Non-communicable diseases by age strata in people living with and without HIV in four African countries

the AFRICOS Study Group

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7 Scopus citations


Introduction: Non-communicable diseases (NCDs) are an important driver of morbidity among ageing people living with HIV (PLWH). We examined the composite role of age and HIV status on NCDs in people living with and without HIV. Methods: The African Cohort Study (AFRICOS) prospectively enrols participants aged ≥15 years with and without HIV at 12 sites in Kenya, Tanzania, Uganda and Nigeria. From 21 January 2013 to 1 September 2021, we assessed participants for renal insufficiency (estimated glomerular filtration rate <60 ml/minute/1.73 m2), elevated blood pressure (BP) (any systolic BP >139 mmHg or diastolic BP >89 mmHg), obesity (body mass index >30 kg/m2), diabetes mellitus (DM) (fasting glucose ≥126 mg/dl or antidiabetic medication) and dysglycemia (fasting glucose ≥99 mg/dl or non-fasting ≥199 mg/dl). Multivariable logistic regression with generalized estimating equations was used to estimate odds ratios (ORs) and 95% confidence intervals (CIs) for factors associated with each NCD. The main exposure of interest was a composite of HIV status and age dichotomized around 50 years. All models were adjusted for study site and sex. The renal insufficiency model was additionally adjusted for elevated BP and dysglycemia. Results and discussion: Of 3761 participants with age data, 557 (14.8%) were age ≥50, 2188 (58.2%) were females and 3099 (82.4%) were PLWH. At enrolment, the prevalence of elevated BP, dysglycemia, renal insufficiency and obesity were n = 128 (26.9%), n = 75 (15.8%), n = 8 (1.7%) and n = 40 (8.4%), respectively, for PLWH ≥50. Compared to people without HIV age <50, PLWH age ≥50 had increased adjusted odds of having DM (OR: 2.78, 95% CI: 1.49–5.16), dysglycemia (OR: 1.98, 95% CI: 1.51–2.61) and renal insufficiency (OR: 6.20, 95% CI: 2.31–16.66). There were significant differences by study site, specifically, participants from Nigeria had the highest odds of elevated BP, dysglycemia and renal insufficiency as compared to Uganda. Conclusions: There was a high burden of NCDs in this African cohort with differences by geographic region. In order to promote healthy ageing with HIV, screening and treatment for common NCDs should be incorporated into routine HIV care with attention paid to geographic heterogeneity to better allocate resources.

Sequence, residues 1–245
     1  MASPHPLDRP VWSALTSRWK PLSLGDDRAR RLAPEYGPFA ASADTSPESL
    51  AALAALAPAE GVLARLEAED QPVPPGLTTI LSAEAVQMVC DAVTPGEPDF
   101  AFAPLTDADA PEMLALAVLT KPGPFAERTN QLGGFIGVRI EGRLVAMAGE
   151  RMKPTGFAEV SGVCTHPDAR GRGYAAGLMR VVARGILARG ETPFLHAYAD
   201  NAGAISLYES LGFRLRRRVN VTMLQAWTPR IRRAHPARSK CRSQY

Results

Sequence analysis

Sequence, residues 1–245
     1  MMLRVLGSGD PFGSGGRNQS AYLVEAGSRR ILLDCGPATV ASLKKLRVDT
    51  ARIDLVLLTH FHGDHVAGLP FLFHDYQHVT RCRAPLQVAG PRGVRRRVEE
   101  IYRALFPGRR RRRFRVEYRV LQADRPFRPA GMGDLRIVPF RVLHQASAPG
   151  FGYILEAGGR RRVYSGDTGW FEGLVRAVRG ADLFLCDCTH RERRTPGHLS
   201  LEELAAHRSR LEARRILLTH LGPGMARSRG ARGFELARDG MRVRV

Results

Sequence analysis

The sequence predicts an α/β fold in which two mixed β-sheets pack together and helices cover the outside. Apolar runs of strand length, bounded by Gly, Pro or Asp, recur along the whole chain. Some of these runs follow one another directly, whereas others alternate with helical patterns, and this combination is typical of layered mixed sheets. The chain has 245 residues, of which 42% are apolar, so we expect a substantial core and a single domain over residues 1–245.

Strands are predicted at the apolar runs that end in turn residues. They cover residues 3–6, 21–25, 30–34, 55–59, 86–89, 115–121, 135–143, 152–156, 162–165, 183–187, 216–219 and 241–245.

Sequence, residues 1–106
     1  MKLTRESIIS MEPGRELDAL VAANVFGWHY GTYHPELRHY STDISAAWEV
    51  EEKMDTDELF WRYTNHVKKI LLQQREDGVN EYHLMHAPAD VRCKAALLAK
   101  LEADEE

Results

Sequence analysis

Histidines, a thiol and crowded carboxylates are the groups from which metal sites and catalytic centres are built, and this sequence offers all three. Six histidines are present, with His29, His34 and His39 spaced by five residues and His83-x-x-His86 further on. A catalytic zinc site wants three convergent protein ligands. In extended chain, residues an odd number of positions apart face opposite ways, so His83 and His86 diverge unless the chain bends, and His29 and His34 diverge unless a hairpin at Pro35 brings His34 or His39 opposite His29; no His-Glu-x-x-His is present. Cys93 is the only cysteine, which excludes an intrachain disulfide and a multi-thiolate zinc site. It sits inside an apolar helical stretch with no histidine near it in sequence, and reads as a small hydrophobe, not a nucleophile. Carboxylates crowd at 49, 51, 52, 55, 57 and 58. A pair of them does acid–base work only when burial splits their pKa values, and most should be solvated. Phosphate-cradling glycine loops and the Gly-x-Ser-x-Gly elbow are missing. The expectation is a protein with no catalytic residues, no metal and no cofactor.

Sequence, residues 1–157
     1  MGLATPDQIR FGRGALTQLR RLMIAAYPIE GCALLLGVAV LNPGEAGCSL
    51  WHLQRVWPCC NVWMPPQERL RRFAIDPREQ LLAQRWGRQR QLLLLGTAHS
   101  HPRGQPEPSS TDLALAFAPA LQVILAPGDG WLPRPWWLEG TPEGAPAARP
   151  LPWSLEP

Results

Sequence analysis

Original languageEnglish
Article numbere25985
JournalJournal of the International AIDS Society
Issue numberS4
StatePublished - Sep 2022
Externally publishedYes


  • Africa
  • HIV care continuum
  • HIV epidemiology
  • LMIC
  • cohort studies
  • quality of life


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